2. Is it correct to get the central obstruction centered with the adjustment of one knob? I ask this because at some point I thought I had it collimated but when I tried to focus the stars, I couldn't (obviously the telescope was not collimated). I used Sirius all of the time and the tracking always kept it on the FOV (very high in the sky here in Bogotá since we are 4.8 deg North and Polaris is too low when you can see it). Software was PHD and the images were 1 sec taken with a SSAG. Is that an ok procedure, or should I do something different?

3. I made the process working with the Celestron f6.3 focal reducer. Would it be better to use the telescope at f10 or even at f20 with a barlow?

4. Using a star implies that I will have to wait for the next clear night. I could use a point light of the red illuminator of the finding eyepeice at low intensity inside the house, a few meters away of the telescope. Will this produce good results?

I know thes are a lot of questions but I really need some help on this matter.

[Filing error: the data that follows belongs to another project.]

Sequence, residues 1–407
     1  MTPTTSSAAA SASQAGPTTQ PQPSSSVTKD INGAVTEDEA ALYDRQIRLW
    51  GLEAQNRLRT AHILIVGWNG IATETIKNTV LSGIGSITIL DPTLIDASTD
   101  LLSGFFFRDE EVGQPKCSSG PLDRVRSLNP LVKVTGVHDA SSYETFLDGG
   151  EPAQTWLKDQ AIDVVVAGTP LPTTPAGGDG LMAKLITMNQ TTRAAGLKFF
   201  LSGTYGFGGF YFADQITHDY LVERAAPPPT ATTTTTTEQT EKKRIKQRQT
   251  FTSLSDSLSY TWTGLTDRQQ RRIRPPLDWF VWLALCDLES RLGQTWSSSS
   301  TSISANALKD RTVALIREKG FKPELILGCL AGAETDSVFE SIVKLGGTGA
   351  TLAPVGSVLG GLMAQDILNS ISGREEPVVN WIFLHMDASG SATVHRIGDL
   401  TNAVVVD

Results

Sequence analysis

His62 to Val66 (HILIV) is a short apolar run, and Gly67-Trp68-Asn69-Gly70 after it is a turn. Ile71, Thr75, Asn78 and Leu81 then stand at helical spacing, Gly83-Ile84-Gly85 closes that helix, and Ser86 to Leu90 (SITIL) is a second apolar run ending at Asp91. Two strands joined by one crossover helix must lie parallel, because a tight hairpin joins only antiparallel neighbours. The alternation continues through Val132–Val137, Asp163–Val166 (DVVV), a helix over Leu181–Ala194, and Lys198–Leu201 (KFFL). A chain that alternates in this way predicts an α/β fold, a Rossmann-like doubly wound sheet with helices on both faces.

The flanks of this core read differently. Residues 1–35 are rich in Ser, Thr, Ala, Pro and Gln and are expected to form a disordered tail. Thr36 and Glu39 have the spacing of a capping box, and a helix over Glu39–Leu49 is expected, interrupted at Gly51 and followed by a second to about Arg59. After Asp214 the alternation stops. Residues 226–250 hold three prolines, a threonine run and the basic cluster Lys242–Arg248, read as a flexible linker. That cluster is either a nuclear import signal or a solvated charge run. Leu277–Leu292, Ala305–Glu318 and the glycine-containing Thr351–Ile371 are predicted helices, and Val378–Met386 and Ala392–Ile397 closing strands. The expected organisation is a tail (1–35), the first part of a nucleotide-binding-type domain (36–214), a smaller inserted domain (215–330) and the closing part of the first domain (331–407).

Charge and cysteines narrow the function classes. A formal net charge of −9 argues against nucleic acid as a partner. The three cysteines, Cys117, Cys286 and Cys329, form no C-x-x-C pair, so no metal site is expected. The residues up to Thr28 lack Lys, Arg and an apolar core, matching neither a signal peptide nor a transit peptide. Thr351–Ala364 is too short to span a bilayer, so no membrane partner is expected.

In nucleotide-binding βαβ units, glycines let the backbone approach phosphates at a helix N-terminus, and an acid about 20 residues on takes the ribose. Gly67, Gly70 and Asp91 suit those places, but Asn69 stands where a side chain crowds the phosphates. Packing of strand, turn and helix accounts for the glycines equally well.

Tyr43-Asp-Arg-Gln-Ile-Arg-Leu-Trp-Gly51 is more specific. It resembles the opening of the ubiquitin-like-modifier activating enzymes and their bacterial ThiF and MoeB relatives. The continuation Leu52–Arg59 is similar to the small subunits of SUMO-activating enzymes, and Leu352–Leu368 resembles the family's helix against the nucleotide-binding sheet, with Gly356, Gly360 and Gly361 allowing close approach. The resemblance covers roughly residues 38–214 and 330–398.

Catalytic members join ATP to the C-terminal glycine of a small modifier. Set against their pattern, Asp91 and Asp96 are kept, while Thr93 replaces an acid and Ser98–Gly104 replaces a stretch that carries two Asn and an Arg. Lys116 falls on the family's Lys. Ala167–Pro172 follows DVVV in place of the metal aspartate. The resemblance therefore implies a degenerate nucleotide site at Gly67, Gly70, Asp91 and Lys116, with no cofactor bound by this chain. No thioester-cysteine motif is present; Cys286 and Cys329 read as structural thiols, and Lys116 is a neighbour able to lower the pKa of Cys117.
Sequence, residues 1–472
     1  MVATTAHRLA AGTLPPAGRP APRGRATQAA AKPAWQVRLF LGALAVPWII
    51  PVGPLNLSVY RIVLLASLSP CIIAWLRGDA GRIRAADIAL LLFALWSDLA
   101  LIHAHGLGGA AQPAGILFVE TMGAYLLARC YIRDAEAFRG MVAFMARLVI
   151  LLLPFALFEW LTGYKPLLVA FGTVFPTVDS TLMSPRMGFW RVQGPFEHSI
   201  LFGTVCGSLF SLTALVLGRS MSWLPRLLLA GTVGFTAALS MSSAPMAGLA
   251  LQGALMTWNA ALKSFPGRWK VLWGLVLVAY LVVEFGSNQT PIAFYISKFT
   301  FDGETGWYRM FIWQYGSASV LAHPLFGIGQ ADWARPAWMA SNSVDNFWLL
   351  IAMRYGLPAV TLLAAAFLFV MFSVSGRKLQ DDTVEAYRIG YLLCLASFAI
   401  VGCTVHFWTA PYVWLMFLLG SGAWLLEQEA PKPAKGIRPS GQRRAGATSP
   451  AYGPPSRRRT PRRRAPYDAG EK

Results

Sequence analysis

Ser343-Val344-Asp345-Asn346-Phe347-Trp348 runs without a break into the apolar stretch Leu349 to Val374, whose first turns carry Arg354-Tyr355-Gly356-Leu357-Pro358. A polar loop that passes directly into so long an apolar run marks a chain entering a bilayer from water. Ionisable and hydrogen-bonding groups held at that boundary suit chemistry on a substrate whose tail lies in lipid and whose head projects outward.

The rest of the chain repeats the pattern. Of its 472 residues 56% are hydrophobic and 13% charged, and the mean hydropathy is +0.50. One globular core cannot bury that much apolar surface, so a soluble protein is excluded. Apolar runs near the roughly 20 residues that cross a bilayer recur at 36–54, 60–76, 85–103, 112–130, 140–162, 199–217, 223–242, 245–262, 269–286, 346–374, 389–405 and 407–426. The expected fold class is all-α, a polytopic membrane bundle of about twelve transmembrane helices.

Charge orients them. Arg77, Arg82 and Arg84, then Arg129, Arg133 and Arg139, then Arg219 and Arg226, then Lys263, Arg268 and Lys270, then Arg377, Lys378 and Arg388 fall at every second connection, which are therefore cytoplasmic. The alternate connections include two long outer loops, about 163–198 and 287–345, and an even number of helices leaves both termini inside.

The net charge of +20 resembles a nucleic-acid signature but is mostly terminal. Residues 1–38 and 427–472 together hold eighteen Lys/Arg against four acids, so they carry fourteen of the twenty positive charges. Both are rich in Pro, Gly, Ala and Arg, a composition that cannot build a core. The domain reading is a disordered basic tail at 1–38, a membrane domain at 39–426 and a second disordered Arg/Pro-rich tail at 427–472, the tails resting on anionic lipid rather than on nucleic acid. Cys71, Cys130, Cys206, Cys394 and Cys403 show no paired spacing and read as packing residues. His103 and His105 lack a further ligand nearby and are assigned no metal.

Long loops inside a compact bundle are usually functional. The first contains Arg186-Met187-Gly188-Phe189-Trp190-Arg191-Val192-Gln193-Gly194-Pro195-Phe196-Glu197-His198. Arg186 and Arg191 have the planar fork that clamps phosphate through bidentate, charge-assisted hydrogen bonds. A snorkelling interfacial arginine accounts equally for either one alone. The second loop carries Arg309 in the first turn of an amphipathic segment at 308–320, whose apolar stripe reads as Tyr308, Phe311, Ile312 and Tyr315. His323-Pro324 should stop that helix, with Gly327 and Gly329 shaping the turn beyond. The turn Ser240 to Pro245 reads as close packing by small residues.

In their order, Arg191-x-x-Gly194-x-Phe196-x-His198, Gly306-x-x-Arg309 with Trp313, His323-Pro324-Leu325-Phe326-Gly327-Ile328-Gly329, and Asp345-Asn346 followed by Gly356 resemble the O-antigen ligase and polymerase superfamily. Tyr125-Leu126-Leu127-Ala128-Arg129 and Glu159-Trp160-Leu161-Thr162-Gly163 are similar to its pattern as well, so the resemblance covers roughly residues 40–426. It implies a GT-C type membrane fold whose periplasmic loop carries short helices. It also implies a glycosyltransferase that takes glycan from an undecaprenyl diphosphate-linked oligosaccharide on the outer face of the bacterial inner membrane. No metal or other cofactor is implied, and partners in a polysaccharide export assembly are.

Thank you in advance

Alfredo




1. NO.

2. Your goal is to center the star and observe the diffraction rings. If they are concentric, you are collimated. If they are squished on one side, you are not.

3. I generally recommend people collimate with the optical accessories they normally use in place.

4. It can. Usually it's easier with a star. A very small pinhole works best, but yes, you can do that.


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Ed Holland
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Reged: 06/16/10

Loc: San Jose, CA and Oxford, UK
Re: Help on collimating a C6 SCT please!! new [Re: rmollise]
      #5693211 - 02/21/13 05:43 PM

The reflection of the sun by a distant, shiny object can also be a substitute "star". I have used the reflection from a porcelain power insulator on a pole located about 1/8 mile away from our house.

This provided a very clear diffraction pattern for fine collimation. There is one potential difficulty, because the 'scope is likely to be horizontal when viewing such an object. Mirror shift may occur when the 'scope is elevated t view the sky, such that a final fine adjustment is needed. This last effect wasn't too pronounced on my C8, and the first attempt at collimation was very close indeed. It also has the advantage that one is not trying to work in the dark, and that the artificial star is free

Good luck,

Ed


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KerryR
Carpal Tunnel
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Reged: 12/05/07

Loc: SW Michigan
Re: Help on collimating a C6 SCT please!! new [Re: Eddgie]
      #5693352 - 02/21/13 07:11 PM

Quote: